Yes. I use Canon Photo Paper Pro and Costco/Kirkland. The are about
equal with the Costco at 1/7 of the cost. Canon says that Epson paper
also works well. Kodak does not.

>Epson was soaking the paper with ink making it impossible to print on
>the other side of the paper when printing a graphic photo. Is this
>still a problem with the Epson and other brands of printers.
>
>

I purchased but have not tried Epson double sided matte. I do not have
a need to print double sided but it was about the same price as the
single sided heavy weight and is actually heavier.

>Regards Brian
>
>
>
>
>
>
>
Anonymous
a b α HP
May 16, 2005 12:18:02 AM

Archived from groups: comp.periphs.printers (More info?)

On Sun, 15 May 2005 12:31:32 GMT, in comp.periphs.printers "CWatters"
<colin.watters@pandoraBOX.be> wrote:


>Resolution isn't everything although it helps. Most top end printers are
>capapable of more than 4000dpi. An 8 MPixel camera like the Canon EOS 350D
>make an image 3456 x 2304 pixels which printed at 6 x 4" works out at under
>600 dpi - so at face value most printers have way more resolution than they
>really need to print detail.

You are confusing the two completely independent and different concepts of
the image ppi (pixels per inch, though many times alluded to as dpi)) and
printer dpi. A image pixel can be any color where as a printer dot can only
be one. I would suggest you start with the basics of these two differing
concepts as presented at http://www.scantips.com/basics01.html

----------
Ed Ruf Lifetime AMA# 344007 (Usenet@EdwardG.Ruf.com)
http://EdwardGRuf.com
Anonymous
a b α HP
May 16, 2005 12:18:02 AM

Archived from groups: comp.periphs.printers (More info?)

Stanley Krute wrote:

>Oh, yes: your first question:
>
>
>
>>Some years back Epson was the best printer for printing photos and had
>>a very high resolution, but I think I read that Canon is now leading
>>in printing colour photographs...is this true?
>>
>>
>
>Not in my opinion. Both Canon and Epson do a lovely job. And HP also has
>some excellent new photo printers, and they're addressing the longevity
>issues. All three produce gorgeous prints; deciding between them is a
>fairly subjective issue.
>
>

The HP 8450 seems to be a nice printer and I read does produce good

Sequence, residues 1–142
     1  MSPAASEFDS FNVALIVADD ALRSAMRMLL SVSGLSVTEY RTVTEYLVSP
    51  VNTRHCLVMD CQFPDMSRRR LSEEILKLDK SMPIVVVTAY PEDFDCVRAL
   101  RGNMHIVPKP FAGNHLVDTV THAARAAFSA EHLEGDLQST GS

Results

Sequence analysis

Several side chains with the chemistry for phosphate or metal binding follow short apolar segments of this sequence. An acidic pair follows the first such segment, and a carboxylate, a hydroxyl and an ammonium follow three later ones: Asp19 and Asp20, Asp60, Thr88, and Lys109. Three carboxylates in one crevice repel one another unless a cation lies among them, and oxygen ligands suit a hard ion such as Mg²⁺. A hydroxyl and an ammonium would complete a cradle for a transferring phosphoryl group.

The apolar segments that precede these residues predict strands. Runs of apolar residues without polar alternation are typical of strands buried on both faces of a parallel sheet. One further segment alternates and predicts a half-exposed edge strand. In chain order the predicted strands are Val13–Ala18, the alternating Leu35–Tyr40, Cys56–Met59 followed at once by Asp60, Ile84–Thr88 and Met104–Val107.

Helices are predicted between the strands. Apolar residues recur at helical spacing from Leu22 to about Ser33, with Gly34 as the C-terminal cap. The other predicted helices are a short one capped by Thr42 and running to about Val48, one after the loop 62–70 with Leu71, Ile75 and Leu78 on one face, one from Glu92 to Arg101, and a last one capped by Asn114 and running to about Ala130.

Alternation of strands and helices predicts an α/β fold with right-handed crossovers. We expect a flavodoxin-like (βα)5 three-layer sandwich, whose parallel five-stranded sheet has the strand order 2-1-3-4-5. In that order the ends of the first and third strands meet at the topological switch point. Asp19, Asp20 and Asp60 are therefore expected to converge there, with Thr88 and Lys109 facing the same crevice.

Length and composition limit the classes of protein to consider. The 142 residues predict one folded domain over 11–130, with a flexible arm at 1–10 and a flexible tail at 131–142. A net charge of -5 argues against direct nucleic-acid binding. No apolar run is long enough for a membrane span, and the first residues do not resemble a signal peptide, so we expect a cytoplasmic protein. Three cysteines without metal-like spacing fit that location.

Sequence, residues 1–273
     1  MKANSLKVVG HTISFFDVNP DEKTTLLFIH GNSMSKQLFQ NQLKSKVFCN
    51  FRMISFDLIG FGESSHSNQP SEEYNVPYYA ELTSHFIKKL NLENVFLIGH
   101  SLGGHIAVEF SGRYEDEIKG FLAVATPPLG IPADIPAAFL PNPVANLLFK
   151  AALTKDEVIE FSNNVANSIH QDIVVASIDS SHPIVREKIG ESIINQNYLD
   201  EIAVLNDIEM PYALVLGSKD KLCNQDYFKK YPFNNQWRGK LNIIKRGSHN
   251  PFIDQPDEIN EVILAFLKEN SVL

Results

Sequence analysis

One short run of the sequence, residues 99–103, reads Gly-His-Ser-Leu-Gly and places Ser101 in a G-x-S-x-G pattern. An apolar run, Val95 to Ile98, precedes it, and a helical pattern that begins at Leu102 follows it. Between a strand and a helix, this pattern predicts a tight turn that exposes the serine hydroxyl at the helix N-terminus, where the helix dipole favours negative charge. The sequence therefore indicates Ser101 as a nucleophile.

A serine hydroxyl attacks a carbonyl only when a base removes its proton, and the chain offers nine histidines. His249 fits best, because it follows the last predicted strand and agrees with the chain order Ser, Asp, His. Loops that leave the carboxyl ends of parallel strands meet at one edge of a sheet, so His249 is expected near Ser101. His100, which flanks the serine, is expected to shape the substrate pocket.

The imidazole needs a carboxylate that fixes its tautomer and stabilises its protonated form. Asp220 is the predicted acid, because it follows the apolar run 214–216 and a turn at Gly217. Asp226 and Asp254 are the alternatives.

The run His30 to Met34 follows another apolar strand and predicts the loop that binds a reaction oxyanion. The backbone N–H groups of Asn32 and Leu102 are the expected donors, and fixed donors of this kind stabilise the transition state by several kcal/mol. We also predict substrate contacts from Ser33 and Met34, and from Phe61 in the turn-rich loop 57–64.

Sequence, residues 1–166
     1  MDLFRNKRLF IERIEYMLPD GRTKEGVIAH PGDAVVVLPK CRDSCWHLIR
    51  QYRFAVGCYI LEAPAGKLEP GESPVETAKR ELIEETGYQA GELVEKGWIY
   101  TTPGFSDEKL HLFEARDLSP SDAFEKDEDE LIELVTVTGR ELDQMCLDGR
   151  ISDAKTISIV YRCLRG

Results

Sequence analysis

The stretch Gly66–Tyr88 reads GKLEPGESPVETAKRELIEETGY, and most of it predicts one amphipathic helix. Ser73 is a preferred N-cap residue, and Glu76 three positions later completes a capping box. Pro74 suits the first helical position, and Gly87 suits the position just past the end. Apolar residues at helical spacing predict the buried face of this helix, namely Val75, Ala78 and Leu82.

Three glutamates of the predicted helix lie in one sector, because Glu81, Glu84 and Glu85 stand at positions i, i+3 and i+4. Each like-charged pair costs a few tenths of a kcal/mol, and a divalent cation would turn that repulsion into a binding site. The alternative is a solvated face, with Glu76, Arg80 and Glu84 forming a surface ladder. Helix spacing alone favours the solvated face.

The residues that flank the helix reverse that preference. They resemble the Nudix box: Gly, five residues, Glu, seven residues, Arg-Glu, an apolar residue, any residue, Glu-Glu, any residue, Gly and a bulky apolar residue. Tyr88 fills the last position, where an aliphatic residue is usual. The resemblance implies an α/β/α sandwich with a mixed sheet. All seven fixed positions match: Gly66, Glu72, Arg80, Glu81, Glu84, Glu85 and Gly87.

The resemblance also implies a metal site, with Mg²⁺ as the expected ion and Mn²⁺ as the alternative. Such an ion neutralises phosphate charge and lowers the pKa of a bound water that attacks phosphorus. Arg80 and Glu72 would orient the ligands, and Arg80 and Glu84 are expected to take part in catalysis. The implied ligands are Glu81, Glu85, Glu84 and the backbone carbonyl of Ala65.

results. For me I do not need in printer editing. I think it is a
gimmick to use more ink and print more marginal printers. The other two
negatives are tri-color carts and speed. One great positive is this
printer does best on clogs as a new printhead is part of the cart.

>Given that -- the excellent colors and freedom from dottiness of the
>best Canon/Epson/HP printers -- my personal preference is still Epson.
>Reason: longevity of prints. Their pigment printers have that one nailed.
>(With their dye printers, using ColorLife paper is the best longevity
>option.)
>
>-- stan
>
>
>
>
Anonymous
a b α HP
May 16, 2005 12:18:02 AM

Archived from groups: comp.periphs.printers (More info?)

Caitlin wrote:

>"Brian" <bclark@es.co.nz> wrote in message
>news:bn0e81dttlladbj0hmhkrv3mvjiaiav2o7@4ax.com...
>
>
>>I'm thinking of brands such as HP, Canon, and Epson and wondering
>>which is better at printing colour photos. I know all printers have
>>their strengths and weaknesses, does one brand of printer stand out
>>amonst the rest?
>>Some years back Epson was the best printer for printing photos and had
>>a very high resolution, but I think I read that Canon is now leading
>>in printing colour photographs...is this true?
>>
>>Some General Questions:
>>Are inkjet printers so good now days that what you see displayed on
>>the screen (eg a coloured photo) is very close to watch you get on
>>paper?
>>
>>I'm told that the inkjet printers are faster in printing a graphic
>>photo, do they still slow down then printing at the highest quality?
>>
>>I've found that HP photo paper works on a Epson printer. Can you mix
>>paper brands with other inkjet printers?
>>
>>Epson was soaking the paper with ink making it impossible to print on
>>the other side of the paper when printing a graphic photo. Is this
>>still a problem with the Epson and other brands of printers.
>>
>>Regards Brian
>>
>>
>>
>
>I don't think you can really point to one manufacturer as the leading brand
>for photo printing. It depends a lot of your requirements, your budget, and
>your expectations. As far as I can tell from reading around, Canon and Epson
>are considered the two top brands - but with Epson dominating the
>professional level market, and Canon the consumer market.
>

I have not seen any Canon printers geared for the professional market.
Epson seems to have most of the high end pro models.

>I have an
>inexpensive Canon IP4000, and consider the prints equal to lab prints,
>

To me they look better. Also the ability to Photoshop edit them to the
way you want them will also enhance the final result. However, you
could also do that with lab prints by giving them a CD of edited material.

>so
>meeting that requirement isn't really that hard these days. I hope to
>replace it with an Epson pigment based printer in the future though as print
>longevity is important to me.